Kenya issues government bond via mobile money solution

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M-Pesa continues dominant position in Kenyan mobile money market

In a nod to how developed the Kenyan mobile infrastructure, including mobile payments are, the Government plans to float its first-ever Bond, to be offered exclusively via mobile phone – pointing to the growing relevance of mobile money solutions in the payments space.

The solution, known as M-Akiba, will be delivered in partnership with Safaricom’s M-PESA

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Kenya issues government bond via mobile money solution

to continue a push that seeks to deepen access for retail bond trading. This was previously only accessible to commercial banks or traders.

As part of this effort, the Treasury recently lowered the cost of government bonds from Kshs. 50,000 to just Kshs. 3,000.

Through the mobile-phone based M-Kiba solution, trades can reach an upper limit of Kshs. 140,000 per day until the bond offering period closes.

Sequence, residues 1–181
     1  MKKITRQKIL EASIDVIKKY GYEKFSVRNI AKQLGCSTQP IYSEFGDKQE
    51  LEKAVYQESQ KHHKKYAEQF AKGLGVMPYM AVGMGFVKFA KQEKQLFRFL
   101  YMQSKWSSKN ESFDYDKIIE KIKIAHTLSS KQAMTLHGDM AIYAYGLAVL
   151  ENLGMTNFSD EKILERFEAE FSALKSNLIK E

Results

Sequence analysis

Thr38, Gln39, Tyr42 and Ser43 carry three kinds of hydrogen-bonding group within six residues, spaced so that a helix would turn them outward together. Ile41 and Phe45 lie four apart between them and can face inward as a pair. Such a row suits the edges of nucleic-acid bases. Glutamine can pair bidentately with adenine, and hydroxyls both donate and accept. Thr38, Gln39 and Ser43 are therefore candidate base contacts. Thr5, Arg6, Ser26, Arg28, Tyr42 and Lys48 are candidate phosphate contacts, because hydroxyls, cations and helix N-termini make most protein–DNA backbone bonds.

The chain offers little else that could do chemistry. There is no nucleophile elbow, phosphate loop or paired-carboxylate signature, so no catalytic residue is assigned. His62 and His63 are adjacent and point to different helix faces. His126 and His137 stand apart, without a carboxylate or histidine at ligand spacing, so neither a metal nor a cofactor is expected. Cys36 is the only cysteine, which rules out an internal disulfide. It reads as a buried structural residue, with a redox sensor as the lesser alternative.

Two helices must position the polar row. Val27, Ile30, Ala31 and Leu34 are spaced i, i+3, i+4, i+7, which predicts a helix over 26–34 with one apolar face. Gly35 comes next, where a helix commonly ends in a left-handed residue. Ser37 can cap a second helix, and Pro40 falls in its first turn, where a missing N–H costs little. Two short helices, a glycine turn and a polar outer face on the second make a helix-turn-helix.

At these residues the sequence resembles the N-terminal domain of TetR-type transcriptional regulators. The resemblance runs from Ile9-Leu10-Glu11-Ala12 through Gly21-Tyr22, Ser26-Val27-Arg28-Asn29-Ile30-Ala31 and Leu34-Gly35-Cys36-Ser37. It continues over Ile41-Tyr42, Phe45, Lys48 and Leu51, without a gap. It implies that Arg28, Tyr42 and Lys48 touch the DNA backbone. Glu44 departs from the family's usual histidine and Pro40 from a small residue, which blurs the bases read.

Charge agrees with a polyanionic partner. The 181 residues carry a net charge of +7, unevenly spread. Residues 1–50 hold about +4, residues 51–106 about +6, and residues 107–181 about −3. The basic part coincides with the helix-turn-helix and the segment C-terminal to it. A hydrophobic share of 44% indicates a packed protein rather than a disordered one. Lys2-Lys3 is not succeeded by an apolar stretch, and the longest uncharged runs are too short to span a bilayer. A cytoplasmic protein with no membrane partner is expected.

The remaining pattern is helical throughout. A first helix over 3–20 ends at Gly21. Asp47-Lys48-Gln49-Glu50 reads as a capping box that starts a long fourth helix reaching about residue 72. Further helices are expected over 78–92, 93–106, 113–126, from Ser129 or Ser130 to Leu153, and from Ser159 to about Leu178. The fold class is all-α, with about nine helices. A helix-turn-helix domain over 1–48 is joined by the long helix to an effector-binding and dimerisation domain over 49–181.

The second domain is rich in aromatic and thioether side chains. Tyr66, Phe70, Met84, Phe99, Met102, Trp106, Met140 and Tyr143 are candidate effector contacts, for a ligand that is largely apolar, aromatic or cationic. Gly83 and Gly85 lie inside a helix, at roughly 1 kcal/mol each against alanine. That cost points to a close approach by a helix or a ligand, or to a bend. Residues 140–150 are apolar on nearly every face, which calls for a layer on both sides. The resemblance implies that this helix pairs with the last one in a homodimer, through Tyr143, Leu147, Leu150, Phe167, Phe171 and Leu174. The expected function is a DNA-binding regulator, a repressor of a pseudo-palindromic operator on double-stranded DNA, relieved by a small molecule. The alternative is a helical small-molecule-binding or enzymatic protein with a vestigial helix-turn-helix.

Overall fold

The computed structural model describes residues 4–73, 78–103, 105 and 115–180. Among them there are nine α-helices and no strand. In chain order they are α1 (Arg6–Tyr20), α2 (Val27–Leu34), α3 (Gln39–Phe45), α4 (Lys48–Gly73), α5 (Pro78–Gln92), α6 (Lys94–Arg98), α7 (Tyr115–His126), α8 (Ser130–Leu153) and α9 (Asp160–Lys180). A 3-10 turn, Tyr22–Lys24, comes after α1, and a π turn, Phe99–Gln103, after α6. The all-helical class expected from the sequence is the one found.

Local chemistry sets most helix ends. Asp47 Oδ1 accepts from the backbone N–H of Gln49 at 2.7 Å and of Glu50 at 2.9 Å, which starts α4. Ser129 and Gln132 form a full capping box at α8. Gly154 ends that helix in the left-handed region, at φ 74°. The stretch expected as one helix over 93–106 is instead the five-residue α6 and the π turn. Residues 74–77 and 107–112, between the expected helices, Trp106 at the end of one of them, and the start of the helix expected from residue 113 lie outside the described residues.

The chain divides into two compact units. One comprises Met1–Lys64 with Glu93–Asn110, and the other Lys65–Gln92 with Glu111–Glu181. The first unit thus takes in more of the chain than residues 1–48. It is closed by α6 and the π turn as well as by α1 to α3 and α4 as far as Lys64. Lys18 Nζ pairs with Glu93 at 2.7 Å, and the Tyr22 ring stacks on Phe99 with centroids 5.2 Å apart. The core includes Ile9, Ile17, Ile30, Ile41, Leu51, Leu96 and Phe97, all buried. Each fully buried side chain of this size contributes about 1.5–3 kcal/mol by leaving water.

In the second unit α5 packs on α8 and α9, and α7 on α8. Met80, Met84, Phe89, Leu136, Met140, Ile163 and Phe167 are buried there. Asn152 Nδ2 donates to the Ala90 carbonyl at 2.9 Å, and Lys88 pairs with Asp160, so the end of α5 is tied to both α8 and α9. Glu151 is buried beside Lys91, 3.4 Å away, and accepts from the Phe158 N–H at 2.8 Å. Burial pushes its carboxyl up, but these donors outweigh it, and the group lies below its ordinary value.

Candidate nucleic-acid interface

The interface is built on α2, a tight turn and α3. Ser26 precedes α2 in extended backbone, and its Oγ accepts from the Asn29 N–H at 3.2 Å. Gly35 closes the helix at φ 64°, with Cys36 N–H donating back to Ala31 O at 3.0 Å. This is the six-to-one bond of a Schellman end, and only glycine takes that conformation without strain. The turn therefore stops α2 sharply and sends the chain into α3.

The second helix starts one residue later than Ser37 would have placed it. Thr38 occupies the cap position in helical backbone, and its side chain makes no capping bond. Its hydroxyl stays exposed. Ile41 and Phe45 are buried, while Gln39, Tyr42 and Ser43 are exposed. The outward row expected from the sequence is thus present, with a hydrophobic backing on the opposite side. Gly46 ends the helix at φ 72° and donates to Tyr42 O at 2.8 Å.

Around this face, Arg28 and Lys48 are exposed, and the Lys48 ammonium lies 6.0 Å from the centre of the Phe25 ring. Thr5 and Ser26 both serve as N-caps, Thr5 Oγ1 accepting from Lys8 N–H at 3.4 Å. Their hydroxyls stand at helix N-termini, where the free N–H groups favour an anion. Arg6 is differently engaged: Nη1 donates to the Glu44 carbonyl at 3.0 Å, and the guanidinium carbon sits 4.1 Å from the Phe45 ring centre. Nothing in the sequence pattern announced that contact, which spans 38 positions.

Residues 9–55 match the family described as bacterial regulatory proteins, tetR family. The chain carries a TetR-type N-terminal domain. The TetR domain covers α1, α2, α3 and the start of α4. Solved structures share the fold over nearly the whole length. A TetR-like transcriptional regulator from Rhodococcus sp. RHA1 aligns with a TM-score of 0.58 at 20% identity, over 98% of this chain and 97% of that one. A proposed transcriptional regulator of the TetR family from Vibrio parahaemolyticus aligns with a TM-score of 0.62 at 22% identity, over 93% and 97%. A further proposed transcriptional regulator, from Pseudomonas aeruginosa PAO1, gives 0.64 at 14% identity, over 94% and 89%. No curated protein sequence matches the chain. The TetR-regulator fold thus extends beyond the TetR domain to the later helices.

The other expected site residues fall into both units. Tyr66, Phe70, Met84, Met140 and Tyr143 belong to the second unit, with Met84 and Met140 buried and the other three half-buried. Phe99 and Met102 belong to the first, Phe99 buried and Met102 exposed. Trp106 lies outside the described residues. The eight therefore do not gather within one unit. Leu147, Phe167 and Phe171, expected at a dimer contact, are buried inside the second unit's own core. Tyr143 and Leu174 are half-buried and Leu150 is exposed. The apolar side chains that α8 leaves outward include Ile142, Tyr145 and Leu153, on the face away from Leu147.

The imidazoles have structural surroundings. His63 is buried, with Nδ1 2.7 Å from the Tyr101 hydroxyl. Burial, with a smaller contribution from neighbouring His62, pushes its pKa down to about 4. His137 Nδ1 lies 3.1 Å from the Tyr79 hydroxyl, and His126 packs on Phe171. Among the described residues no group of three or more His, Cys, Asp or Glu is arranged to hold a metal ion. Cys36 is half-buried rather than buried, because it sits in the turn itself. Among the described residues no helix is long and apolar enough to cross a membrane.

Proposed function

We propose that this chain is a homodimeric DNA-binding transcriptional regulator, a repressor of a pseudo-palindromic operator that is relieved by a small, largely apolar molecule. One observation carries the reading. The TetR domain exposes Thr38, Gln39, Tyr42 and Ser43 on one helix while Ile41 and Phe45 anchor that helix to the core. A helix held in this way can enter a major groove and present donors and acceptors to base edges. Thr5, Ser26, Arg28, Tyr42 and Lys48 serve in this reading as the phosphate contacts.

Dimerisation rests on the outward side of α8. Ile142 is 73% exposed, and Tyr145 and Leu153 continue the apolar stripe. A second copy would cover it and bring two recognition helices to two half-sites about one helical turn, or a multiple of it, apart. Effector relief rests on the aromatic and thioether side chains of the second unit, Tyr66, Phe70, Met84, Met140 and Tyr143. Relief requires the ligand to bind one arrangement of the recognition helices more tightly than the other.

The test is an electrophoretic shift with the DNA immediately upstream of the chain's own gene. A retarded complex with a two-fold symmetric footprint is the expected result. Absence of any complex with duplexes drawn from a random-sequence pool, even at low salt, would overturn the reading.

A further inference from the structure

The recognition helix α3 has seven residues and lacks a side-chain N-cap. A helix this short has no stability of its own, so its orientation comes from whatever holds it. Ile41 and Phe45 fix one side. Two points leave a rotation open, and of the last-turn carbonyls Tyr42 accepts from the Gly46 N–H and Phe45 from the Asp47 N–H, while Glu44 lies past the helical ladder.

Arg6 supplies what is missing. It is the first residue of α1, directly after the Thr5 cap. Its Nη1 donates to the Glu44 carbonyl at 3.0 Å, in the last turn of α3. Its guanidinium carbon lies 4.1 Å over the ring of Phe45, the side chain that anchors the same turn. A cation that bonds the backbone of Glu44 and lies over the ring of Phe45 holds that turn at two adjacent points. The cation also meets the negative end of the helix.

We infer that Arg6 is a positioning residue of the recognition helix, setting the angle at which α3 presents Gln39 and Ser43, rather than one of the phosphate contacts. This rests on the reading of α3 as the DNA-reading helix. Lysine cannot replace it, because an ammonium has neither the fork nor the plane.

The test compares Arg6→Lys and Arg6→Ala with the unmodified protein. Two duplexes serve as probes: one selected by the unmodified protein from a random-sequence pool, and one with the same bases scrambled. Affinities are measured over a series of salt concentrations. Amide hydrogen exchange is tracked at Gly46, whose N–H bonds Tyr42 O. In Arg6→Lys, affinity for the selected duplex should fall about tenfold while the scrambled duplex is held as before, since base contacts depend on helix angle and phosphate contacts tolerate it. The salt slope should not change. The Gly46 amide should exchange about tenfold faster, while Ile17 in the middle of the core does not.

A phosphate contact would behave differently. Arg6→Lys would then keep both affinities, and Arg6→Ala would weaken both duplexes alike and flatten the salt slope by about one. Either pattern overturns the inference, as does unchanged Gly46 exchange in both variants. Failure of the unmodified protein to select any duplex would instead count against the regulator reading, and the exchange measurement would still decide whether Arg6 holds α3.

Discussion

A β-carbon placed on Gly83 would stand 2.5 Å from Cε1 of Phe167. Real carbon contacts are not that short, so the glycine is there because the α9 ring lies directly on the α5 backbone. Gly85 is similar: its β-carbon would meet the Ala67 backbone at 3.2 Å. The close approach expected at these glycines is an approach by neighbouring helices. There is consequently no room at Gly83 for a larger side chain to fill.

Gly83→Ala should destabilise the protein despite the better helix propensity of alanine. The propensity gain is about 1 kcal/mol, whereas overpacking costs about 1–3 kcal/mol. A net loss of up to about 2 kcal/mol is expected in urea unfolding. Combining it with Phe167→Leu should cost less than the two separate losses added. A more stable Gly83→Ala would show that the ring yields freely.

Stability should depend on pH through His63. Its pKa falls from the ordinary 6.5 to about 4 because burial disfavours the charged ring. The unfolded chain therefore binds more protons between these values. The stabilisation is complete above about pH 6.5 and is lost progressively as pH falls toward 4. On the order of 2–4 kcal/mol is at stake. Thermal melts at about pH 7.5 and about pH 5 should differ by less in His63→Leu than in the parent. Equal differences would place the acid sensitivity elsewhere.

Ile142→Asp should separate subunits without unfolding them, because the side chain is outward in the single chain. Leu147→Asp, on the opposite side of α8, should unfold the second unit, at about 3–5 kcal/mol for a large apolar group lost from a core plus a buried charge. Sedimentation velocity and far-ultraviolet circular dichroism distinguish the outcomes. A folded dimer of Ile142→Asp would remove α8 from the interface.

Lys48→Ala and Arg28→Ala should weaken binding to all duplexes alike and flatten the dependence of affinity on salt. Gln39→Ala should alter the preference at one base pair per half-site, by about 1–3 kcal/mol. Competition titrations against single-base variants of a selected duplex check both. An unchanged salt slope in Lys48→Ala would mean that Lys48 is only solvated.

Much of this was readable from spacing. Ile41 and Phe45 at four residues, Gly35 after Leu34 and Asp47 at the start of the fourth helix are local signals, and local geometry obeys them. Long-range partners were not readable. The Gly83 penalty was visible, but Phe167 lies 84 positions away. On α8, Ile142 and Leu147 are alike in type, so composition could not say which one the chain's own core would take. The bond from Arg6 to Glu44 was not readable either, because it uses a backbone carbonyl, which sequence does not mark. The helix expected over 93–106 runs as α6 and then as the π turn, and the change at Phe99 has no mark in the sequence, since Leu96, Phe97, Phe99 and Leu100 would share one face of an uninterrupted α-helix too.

“In three weeks over 23 million Kenyans will have the potential to participate in a Kshs. 5 billion Government Infrastructure Bond,” said Henry Rotich, Cabinet Secretary, National Treasury. He said this historical development was testament of their commitment to embrace innovation to democratize the uptake of government securities.

Over the years, 98% uptake in government bonds has been by institutional investors, with only 2% going to individual investors- and this has left out many Kenyans from participating in raising funds for nation building.

Stephen Chege, Director – Corporate Affairs, Safaricom, said this development signalled the continuing transformation that mobile money can deliver to boost efficiency in government revenue collection while providing more access for Kenyans.

“M-Akiba is yet another innovative application that will help more people save and invest, while making it faster for the government to raise funds,” Chege added.

Analysts believe there is genuine need to enhancing the savings culture among Kenyans.

Currently, only 11% of Kenyans save on a regular basis as compared to 22% in Rwanda and Uganda, while in Qatar this figure stands at 60%.

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